Lucy: Johansson and Besson contrive to make no sense at all

Alas, I have returned. Just as the Governor of California promised in The Terminator, as Han Solo heroically did in A New Hope (“Yahooooo”) and as Bruce Willis regrettably did in A Good Day to Die Hard did, I am back, maybe not quite as significant as their returns…Okay, yes it is. The wait is over, behold my first review/feature in over a year.

I was quite looking forward to seeing Lucy, despite recently being addicted to 24, a night in front of the big screen was at the helm. Having scanned previous reviews and synopses I thought Lucy had a similar premise to Limitless, the idea of the protagonist (Scarlett Johannson in the former, Bradley Cooper in the latter, both handsome devils) taking drugs to allow access to the 90% of the brain’s capacity that we do not use. Luc Besson has had previous hits with Leon: The Professional, The Fifth Element and more, and has a fairly unique style, so my hopes were high.

The film begins with (after some clip of a Neanderthal man in the beginning drinking water and trying his best not to look like Sébastien Chabal) an elongated scene that sees Scarlett Johansson tricked into taking a suspicious suitcase to a mafia of South East Asian descent (that’s politically correct isn’t it? I’ll roll with it).

Sébastien Chabal, the modern Neanderthal man

Parallel to the unnecessarily long quarrel with Lucy’s boyfriend a clip of a cheetah stalking its prey pops up intermittently. At first this seemed quirky and artistic, perhaps the level of quirk one would find in a Tarantino movie, and clearly an attempt by Besson to be original, and maybe reflect the storyline into life in the animal kingdom in some statement on life he seems persistently keen on sharing. This, however, stops after the first twenty minutes, making it seem like the scene was being agonisingly explained to us by the cheetah.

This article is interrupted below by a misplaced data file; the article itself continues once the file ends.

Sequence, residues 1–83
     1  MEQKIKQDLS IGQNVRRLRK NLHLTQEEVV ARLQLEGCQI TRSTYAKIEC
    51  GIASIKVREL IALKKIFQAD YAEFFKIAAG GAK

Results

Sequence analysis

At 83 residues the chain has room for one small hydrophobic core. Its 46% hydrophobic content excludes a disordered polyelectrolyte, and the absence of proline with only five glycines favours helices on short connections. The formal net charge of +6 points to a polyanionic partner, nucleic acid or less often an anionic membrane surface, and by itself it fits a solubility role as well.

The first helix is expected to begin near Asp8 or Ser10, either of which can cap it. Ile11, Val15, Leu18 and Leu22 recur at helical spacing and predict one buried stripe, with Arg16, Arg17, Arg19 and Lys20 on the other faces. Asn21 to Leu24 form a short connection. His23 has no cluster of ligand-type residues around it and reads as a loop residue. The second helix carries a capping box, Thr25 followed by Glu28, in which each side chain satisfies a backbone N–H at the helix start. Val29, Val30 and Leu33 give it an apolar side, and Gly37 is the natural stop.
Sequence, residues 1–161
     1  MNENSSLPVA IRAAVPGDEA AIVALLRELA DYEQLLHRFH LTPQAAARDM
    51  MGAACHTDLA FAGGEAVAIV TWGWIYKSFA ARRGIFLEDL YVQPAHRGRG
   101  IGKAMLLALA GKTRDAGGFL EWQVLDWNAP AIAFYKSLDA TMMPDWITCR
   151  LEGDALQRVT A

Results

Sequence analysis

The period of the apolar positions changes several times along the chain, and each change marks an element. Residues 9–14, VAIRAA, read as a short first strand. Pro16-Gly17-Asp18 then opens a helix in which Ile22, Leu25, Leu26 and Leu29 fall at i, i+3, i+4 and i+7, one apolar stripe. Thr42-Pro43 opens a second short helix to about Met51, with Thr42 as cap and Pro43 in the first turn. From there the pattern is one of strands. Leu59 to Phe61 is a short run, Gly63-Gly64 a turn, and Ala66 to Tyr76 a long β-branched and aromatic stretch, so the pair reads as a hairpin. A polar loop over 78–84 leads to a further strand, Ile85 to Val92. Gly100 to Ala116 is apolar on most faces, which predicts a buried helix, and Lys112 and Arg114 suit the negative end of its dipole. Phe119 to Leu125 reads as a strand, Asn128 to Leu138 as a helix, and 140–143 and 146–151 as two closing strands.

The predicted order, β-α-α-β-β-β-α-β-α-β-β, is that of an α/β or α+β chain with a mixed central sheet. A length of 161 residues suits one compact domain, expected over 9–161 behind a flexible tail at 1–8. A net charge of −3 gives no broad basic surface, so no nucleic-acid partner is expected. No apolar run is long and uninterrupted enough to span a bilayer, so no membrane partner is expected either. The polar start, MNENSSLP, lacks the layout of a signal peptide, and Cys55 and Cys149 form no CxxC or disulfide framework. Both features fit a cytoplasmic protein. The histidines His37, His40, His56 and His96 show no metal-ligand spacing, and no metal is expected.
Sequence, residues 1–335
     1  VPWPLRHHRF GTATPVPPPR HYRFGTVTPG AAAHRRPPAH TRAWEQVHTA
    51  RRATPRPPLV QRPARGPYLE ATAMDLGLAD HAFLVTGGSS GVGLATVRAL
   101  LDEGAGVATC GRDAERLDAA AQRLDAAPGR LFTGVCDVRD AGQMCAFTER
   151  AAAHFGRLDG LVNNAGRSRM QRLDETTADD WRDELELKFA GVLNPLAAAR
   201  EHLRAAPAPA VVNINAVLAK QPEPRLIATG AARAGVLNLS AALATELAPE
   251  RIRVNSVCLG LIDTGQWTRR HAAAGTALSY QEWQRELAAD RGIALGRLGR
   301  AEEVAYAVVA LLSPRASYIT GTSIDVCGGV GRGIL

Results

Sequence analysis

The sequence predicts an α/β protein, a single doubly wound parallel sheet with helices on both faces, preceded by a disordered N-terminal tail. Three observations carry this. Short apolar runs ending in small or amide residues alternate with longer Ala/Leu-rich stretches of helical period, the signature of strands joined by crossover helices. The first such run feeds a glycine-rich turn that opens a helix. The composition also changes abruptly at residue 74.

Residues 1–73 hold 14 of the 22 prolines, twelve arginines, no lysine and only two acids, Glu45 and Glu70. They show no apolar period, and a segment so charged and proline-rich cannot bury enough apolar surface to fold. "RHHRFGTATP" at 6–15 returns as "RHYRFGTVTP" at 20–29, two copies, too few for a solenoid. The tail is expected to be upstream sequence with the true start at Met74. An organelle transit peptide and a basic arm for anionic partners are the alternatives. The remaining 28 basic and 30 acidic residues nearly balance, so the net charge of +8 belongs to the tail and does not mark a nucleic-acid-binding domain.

Superhero movie similarity…blah blah blah… superdrugs superpowers… blah blah blah. It’s all pretty much standard, but Lucy wishes to pass on her knowledge to Professor Norman (Morgan Freeman), a lecturer on the potential capacity of brain cell activity. There isn’t really much that goes on in between their meeting. A potential fight is turned into a walk in the park corridor, a car chase with no possible consequences and a kiss that is a reality check for Lucy, but otherwise, in the other 90+ mins reality is ignored and not needed by her. The film’s all over the place really and suitably finishes insufficiently with an Indiana Jones and the Kingdom of the Crystal Skull-like final scene, before Lucy travels through time (ignoring her previous conclusion that time is the only constant) and texts policeman Pierre Del Rio (Amr Waked – remarkably good at the persistently gormless face, or a remarkable Phil Jones lookalike) saying “I am everywhere”. She either is god, or is saying people using 100% brain capacity become godly. It’s just all a bit silly.

Scarlett Johannson as Lucy scrawling through the film’s loose ends

Is this meant to entertain us? Make us think about humankind? Make us think about life? It just made me want to go home and watch 24 again.

(It’s getting really good, Bauer just stormed a hospital and wreaked havoc – classic)

IMDB Rating: 6/10

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